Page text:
To be ontologically committed is to accept the existence of an entity or type or kind or category of entities. As individual thinkers we make ontological commitments to the things we believe exist, while theories in the abstract are ontologically committed to whatever entities would need to exist in order for the theories to be true.

      The first task of applied ontology is to establish adequatecriteria of ontological commitment.Without these we will not be able to certify a preferred existence domain, as an applied ontology must, because we will not be able to distinguish one existence domain from...

    • 7 Appearance, reality, substance, transcendence
      (pp. 182-192)

      We now consider the first of a series of ontological commitments in four traditional subscategories of applied scientific ontology. Shall we follow the lead of other ontologists by distinguishing betweenappearanceandrealityin a strong metaphysical sense? What shall we say about the ontology oísubstance?Is there an argument to be made for thetranscendenceof a certain part of the preferred existence domain that is, in some sense, above and beyond, or in any case outside, the actual world? What light does the combinatorial analysis of being as maximal consistency shed on any of these time-honoured distinctions...

    • 8 Physical entities: space, time, matter and causation, physical states of affairs and events, natural laws
      (pp. 193-205)

      The category of physical entities is usually supposed to be the least metaphysically problematic in applied ontology. The question for a preferred existence domain is not whether physical entities exist. Their existence can be assumed as established by combinatorial pure philosophical ontology, on the assumption that there are non-actual logical possibilities, and hence distinct logically possible worlds, that all states of affairs logically must either be spatiotemporal or non-spatiotemporal, and that only physical or spatiotemporal entities can distinguish one logically possible world from another.

      The existence of physical entities is further confirmed by empirical experience of the actual world in...

    • 9 Abstract entities, particular and universal: numbers, sets, properties, qualities, relations, propositions and possibilities, logical, mathematical and metaphysical laws
      (pp. 206-232)

      More ink has been spilled on the question of the existence of abstract entities than on any other topic in ontology. Do universals exist? What about sets and numbers, properties, qualities, relations, propositions and laws? What light can we shed on these controversies from the standpoint of a combinatorial analysis of being?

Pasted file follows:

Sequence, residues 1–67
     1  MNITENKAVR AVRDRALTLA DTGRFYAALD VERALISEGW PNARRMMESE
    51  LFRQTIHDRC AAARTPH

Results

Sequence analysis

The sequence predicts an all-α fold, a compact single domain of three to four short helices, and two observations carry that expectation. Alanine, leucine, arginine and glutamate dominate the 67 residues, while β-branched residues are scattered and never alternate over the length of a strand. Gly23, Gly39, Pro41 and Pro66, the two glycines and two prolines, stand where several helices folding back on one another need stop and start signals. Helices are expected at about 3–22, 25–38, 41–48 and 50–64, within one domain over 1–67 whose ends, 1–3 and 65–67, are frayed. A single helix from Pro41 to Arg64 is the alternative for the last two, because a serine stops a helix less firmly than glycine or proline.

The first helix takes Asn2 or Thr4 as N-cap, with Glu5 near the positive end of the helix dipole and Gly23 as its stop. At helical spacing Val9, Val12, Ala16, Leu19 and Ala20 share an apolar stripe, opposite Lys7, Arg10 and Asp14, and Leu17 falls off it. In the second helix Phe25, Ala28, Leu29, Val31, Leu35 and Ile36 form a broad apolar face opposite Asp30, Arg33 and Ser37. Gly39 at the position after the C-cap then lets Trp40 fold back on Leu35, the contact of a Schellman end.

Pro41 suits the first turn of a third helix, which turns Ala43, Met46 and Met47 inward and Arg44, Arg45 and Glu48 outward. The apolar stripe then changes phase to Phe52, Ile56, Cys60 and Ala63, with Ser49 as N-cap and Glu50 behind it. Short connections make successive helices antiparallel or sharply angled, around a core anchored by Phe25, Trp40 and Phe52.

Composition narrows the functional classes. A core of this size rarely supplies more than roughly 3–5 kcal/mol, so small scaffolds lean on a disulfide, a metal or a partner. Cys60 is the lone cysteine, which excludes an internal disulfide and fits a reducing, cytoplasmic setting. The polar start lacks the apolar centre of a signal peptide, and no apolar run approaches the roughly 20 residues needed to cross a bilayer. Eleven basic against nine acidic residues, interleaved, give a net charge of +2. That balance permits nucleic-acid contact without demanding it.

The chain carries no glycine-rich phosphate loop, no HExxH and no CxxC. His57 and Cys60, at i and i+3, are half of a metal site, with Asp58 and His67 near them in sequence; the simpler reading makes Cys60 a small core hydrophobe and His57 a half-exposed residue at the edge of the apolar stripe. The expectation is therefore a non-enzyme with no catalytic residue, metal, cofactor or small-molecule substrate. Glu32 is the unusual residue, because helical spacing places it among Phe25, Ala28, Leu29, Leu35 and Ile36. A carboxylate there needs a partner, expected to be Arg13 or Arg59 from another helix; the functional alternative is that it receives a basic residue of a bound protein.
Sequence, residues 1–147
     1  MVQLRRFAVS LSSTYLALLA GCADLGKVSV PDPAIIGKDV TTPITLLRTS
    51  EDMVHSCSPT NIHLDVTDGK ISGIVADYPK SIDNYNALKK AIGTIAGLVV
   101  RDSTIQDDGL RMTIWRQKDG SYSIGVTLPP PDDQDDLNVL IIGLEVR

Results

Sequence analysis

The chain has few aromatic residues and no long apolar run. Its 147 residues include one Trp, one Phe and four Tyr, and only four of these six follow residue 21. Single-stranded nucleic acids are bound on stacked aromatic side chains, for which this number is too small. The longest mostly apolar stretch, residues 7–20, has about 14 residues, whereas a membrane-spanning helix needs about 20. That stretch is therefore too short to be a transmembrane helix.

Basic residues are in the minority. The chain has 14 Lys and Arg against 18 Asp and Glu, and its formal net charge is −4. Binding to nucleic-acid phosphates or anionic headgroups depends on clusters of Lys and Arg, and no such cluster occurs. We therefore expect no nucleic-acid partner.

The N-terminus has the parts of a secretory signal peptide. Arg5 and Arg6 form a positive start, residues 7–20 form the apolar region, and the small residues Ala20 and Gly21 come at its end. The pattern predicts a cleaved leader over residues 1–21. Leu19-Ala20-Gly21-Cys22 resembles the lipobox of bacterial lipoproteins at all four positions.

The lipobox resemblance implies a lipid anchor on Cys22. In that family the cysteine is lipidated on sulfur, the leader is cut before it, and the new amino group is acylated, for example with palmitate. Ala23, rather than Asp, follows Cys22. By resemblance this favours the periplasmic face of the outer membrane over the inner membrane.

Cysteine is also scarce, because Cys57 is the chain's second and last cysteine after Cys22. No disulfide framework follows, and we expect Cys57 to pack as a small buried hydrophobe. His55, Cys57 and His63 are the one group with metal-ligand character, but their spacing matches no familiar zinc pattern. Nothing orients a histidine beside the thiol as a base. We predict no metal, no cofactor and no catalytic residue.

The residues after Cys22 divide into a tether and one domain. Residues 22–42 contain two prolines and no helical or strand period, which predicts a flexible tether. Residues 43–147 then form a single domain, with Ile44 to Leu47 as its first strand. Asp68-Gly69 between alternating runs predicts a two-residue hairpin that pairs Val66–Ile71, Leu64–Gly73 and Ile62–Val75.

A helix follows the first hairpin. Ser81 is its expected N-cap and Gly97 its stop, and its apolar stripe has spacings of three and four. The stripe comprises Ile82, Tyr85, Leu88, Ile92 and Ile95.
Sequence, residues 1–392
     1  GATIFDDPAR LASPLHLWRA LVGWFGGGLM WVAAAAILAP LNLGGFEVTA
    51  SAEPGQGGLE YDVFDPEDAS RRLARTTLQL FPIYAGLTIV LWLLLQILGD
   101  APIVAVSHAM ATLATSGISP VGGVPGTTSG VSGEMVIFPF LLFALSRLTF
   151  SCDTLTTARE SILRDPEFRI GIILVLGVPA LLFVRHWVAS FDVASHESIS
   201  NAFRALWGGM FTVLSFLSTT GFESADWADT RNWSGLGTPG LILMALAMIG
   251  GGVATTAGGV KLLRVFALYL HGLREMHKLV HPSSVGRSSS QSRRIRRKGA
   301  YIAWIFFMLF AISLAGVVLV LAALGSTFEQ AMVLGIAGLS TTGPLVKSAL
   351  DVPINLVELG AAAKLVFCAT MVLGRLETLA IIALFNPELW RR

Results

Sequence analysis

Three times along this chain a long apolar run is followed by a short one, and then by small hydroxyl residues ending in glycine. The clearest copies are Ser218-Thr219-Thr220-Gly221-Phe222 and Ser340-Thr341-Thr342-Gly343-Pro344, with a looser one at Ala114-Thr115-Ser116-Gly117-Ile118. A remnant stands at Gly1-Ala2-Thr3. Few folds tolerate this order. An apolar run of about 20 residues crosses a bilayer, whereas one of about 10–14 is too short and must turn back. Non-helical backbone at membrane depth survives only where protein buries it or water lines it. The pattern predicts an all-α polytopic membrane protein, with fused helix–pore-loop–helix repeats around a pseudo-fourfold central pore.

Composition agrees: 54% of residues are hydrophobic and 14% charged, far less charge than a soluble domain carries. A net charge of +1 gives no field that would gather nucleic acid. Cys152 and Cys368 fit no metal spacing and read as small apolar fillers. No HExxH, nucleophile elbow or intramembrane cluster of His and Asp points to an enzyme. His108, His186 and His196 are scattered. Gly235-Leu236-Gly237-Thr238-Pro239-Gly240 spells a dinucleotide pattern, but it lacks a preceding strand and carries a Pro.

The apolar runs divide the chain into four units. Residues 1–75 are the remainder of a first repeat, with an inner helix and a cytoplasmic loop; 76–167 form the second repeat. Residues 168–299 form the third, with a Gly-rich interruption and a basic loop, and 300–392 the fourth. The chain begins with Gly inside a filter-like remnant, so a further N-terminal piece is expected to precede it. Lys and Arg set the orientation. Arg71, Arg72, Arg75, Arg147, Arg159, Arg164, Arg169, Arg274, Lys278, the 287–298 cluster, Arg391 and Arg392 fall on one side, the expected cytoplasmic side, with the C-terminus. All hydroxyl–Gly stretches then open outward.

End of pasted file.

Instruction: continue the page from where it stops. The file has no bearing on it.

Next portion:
We have already touched on several categories of abstract entities. Looking forward to what might be said or what others have said about non-spatiotemporal particulars and universals, we have provisionally considered the possibility of their existence. We must now put our cards on the table and examine whether...

    • 10 Subjectivity of mind in the world of objective physical facts
      (pp. 233-252)

      The occurrence of thought raises difficult issues in applied ontology. The mind-body problem challenges our understanding of how thought relates to the established existence subdomains of physical and abstract entities.

      What is a thought and what is the mind? If the mind and its contents are simply physical entities, if thoughts are simply physical events in the brain and nervous system of a living organism, then the ontic status of the mind can be classified without further ado as a special type of physical entity among others in the universe. The distinction between internal thought and the external world in...

    • 11 God, a divine supernatural mind?
      (pp. 253-264)

      An enquiry in applied scientific ontology into the existence or nonexistence of God is not guaranteed to agree with the attitudes of religious faith. We want to know whether God is an individual divine entity, or a host thereof if there are many gods, just as we want to know whether there are numbers, sets or universals. The difference is, among other things, that God is a person, or the gods are supposed to be persons, or at least personifications of natural forces, whereas numbers and everything else in the existence domain other than minds is assumed to be impersonal,...

    • 12 Ontology of culture: language, art and artefacts
      (pp. 265-274)

      We turn finally to the topic of cultural entities. The world contains not only natural objects like rocks and plants, but objects that would not exist as complexes or in the exact form with the particular properties they have were it not for human intervention. There are artefacts, products of human thought that are touched and transformed in various ways by human hands. The list of such things includes expressions of thought in language and art, and all the results of human invention, manufacture and technology.

      It may be significant, in this study of combinatorial ontology, an expressly anti-Heideggerean anti-existentialist...

  8. Conclusion: scientific-philosophical ontology
    (pp. 275-280)

    The problem of ontology is to understand the concept of being, of what it means for something to exist. Ontology investigates the fact, nature and modal status of being, in the course of which it proposes a preferred ontology that is supposed to include all and only existent things. To be successful, ontology must combine a correct pure philosophical ontology with a correct applied scientific ontology, grafting an appropriate preferred existence domain onto a satisfactory analysis of the concept of being.

    The proposed theoretical domain must correspond exactly with the extant domain of actually existent entities and states of affairs...

  9. Notes
    (pp. 281-308)
  10. Bibliography
    (pp. 309-328)
  11. Index
    (pp. 329-348)